Who Has More Privacy Rights – Job Applicants or Employees?
Although it’s easy to assume once you have landed your dream job and are employed that you’re safest when it comes to privacy rights, this isn’t the case. Ironically, it’s job applicants who have more protection of personal information than employees.
As a result of the amendments to the Privacy Act last year, it is particularly important for businesses to understand their privacy obligations in all circumstances. Any misunderstandings can be extremely costly, with penalties of up to $1.7 million for breaching this legislation.
The Privacy Act regulates the handling of personal information about individuals. This includes the collection, use, storage and disclosure of personal information.
Employee Records Exemption
The ‘Employee Records Exemption’ in the Privacy Act is behind job applicants having additional privacy rights than employees.
This exemption effectively means that employers are not subject to the collection, use, storage and disclosure of personal information obligations relating to the employment of an employee. For example, this includes an employee’s terms and conditions of employment and personal contact details.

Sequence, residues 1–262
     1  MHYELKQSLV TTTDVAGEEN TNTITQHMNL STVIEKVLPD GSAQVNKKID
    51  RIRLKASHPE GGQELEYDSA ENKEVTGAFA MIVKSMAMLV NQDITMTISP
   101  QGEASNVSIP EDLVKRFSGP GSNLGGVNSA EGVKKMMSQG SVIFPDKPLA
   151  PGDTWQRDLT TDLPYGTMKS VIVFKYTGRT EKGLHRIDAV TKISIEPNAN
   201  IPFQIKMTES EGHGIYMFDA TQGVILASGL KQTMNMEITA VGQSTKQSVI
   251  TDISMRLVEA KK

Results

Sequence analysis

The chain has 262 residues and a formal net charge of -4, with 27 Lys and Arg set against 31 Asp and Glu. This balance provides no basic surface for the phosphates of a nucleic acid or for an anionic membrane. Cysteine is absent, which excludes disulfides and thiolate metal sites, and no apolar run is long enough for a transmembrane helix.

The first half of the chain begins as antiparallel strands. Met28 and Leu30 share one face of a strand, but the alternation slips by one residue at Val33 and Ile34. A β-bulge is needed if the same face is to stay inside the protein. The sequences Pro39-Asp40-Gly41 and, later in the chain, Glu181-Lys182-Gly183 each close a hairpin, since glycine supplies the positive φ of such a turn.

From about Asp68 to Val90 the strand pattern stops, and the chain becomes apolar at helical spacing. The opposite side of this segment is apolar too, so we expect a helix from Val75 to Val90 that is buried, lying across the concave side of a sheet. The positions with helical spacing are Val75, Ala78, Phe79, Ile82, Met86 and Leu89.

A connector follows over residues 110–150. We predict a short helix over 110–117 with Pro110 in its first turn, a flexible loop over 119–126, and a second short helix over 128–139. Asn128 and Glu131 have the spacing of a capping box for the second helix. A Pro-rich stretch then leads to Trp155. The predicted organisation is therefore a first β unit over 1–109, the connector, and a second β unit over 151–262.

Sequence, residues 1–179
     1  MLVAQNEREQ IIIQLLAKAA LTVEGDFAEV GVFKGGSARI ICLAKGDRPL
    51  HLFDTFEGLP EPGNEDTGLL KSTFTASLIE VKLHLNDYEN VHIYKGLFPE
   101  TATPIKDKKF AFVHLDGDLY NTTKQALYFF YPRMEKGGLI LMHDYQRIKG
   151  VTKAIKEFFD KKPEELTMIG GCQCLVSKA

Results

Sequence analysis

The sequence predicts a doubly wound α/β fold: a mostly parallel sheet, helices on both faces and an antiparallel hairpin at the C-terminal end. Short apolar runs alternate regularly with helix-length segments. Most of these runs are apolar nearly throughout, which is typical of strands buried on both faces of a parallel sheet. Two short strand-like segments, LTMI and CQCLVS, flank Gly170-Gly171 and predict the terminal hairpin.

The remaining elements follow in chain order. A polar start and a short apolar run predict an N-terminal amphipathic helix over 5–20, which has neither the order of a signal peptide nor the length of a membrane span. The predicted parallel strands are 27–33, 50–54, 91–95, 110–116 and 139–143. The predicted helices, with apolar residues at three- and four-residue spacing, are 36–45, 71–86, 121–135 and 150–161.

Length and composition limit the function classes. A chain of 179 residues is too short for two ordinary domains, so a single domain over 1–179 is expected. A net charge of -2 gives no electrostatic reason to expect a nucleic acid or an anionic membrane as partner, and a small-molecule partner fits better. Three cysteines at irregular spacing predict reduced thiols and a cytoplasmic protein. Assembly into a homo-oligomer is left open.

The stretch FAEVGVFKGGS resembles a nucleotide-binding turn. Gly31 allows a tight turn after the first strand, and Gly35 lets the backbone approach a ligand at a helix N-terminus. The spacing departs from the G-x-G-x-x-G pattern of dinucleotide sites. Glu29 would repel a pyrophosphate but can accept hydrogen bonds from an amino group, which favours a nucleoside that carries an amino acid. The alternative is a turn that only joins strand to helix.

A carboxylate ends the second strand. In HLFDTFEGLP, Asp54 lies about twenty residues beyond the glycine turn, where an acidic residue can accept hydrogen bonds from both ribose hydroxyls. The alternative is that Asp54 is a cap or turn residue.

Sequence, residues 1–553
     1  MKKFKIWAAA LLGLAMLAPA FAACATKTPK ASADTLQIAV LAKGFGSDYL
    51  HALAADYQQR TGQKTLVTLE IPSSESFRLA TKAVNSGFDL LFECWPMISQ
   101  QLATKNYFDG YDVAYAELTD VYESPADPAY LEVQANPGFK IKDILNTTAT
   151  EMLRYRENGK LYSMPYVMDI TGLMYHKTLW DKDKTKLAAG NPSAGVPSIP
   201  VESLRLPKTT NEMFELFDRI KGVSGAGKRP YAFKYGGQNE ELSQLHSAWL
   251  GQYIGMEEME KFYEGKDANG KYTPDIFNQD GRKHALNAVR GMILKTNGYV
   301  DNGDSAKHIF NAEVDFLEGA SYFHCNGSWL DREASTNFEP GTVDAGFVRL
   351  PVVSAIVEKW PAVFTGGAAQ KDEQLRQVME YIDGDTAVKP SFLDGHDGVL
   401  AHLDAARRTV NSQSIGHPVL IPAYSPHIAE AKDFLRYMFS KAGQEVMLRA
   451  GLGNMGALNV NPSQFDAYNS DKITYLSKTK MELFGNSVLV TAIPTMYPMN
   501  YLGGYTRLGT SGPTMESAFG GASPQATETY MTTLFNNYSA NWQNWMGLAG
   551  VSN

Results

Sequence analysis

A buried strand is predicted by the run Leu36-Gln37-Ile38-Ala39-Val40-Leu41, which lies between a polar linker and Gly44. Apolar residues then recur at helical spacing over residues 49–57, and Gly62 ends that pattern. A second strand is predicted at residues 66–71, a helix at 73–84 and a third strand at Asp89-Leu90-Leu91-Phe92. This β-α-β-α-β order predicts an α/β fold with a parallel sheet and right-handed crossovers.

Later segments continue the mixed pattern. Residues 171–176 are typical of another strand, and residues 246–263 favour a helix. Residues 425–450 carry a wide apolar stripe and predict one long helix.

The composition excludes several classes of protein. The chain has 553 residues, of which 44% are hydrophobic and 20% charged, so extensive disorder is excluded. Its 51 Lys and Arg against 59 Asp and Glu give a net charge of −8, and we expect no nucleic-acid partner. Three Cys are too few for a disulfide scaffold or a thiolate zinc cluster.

What Makes Job Applicants Safe?
The ‘Employee Records Exemption’ does not apply to job applicants. Further, it doesn’t apply when a business is dealing with personal information relating to independent contractors, individuals working in the employer’s business who are employed by a third party employer and to volunteers.
How Else Can Employers Ensure Compliance?
- Reviewing and updating contracts: Ensure privacy clauses comply with the Privacy Act.
- Developing and implementing internal staff guidelines: These can be used to explain to employees how they are to handle any personal information when completing their day-to-day duties.
- Training staff: Ensure managers and human resources workers are trained to deal with personal information in accordance with the Privacy Act. This is especially important when in relation to job applicants and other individuals who don’t fall under the ‘Employee Records Exemption’.